Boys are concerned about their bodies too
Connor reposted what a young teenage boy had posted on Instagram about body shaming. I read it. At 13 he is at the younger end of Instagram users (6%) so his audience was largely adults. I needed to listen to what his post said. It is my job to act.
It was a telling story (now deleted under the story rules) about body shaming. The boy said he had seen nothing about body shaming and boys but plenty by girls. His view was that boys body shaming happens to all.
The pain, caused by girls saying they like tall boys if you are short, or muscly boys if you are not, or slim boys if you are fat, hurts. Body shaming makes a boy feel bad just like a girl. It should stop.
Boys need to talk
Boys who experience body shaming get the double pressure of not feeling able to talk about it. They are told to ‘man up’ and just handle painful criticisms. ‘We’re not supposed to have feelings but guess what, we do and they’re bad’. In the movie Jumanji the adult Alan Parrish tells the little Peter to stop crying and if he has a problem to ‘face it like a man’. A pause and Alan says ‘26 years in Jumanji and I still sound like my Dad’. Telling boys they should hide their feelings passes generation to generation unless we adults break the pattern.
Learning to hold in your feelings is not healthy or helpful. Being told to ‘man up’ makes a boy feel like they have to keep all their feelings to themselves, not to talk to anyone about their feelings and not ask for help. This is wrong and can only lead to pain and damage relationships. This teenager went as far as to say it can lead to suicidal feelings.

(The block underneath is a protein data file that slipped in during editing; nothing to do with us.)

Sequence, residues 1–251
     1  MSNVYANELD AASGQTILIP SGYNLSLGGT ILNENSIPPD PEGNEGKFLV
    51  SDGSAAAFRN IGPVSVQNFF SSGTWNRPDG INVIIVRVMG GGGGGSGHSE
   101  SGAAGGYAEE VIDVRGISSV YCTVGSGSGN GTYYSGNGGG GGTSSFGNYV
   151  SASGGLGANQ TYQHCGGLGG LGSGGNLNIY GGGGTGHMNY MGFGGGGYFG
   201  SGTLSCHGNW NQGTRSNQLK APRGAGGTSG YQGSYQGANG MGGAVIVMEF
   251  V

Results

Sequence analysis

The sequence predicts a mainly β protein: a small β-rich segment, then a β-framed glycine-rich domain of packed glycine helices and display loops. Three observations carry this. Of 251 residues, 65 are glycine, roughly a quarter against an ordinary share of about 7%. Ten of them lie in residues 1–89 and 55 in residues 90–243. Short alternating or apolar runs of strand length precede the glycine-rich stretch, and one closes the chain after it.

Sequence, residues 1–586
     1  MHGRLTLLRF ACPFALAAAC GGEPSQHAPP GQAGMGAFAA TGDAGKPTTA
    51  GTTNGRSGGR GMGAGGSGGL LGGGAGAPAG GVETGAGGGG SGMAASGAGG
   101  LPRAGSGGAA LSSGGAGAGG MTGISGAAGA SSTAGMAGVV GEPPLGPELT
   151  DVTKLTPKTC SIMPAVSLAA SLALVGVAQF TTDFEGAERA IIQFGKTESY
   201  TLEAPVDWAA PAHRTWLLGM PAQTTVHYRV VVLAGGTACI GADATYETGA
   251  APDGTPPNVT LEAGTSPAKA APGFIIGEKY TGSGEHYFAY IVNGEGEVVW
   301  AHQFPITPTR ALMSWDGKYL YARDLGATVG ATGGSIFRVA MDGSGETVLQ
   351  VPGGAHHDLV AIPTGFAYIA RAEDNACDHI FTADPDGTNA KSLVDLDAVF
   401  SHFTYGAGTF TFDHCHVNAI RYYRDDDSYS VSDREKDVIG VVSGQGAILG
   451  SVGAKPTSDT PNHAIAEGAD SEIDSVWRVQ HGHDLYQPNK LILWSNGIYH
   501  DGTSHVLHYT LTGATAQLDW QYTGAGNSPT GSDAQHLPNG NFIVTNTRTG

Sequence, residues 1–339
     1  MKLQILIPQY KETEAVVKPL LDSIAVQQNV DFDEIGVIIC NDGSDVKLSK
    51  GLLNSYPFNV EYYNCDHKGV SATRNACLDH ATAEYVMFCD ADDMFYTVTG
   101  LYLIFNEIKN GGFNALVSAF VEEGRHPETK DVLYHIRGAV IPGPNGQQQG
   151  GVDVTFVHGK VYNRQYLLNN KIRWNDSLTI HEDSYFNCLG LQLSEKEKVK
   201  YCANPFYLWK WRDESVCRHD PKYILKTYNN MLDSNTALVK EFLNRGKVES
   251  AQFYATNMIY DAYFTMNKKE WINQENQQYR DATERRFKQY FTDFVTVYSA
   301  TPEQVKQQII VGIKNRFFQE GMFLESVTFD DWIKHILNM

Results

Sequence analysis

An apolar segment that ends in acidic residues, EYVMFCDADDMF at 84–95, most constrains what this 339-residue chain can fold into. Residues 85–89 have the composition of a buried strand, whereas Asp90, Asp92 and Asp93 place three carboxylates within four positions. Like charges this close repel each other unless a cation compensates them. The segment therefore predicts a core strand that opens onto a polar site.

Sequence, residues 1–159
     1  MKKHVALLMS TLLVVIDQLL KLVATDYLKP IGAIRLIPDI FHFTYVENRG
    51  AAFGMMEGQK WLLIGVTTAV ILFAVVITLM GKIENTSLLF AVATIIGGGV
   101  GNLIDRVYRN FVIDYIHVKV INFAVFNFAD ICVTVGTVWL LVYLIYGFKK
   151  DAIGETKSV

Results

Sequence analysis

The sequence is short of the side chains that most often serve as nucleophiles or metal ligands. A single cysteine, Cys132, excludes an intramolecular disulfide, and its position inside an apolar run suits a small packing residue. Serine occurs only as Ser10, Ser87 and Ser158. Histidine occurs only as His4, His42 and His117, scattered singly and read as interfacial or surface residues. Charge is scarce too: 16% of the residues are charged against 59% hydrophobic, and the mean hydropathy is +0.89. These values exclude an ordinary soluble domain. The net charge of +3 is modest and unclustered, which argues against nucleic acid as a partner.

His final call out was ‘ please stop judging and body shaming, it’s not okay’. He is so very right.
Share the message
I thanked Connor for sharing it. He said he had only done it because his mates were sharing it. Well, reading posts before posting them is better. After all, we are owning what is written when we post, retweet or share anything. On this occasion Connor had chosen a good message. One we all need to hear. The long list of replies to the post all supported the message.
To apologise is to show strength
I’m aiming at my grandsons sharing their feelings, listening to others pain and helping where they can. Their Mum and Dad enjoy the boys calling for a daily ‘family hug’. Being respectful, kind and fun are what denote a rounded person, boy or girl. Grumpy moments, saying nasty things to others can happen in the heat of the moment. But they need to be faced up to and apologies given. To apologise shows greater strength than bullying with words. Body shaming is bullying. Bullying is not okay.
- Read posts by young people with positive messages and share them
- Ask young people what they think about the messages in posts they see
- Look at posts on their Instagram (13), Whatsapp (16) and other feeds. Discuss them.
- Notice body shaming and call it out.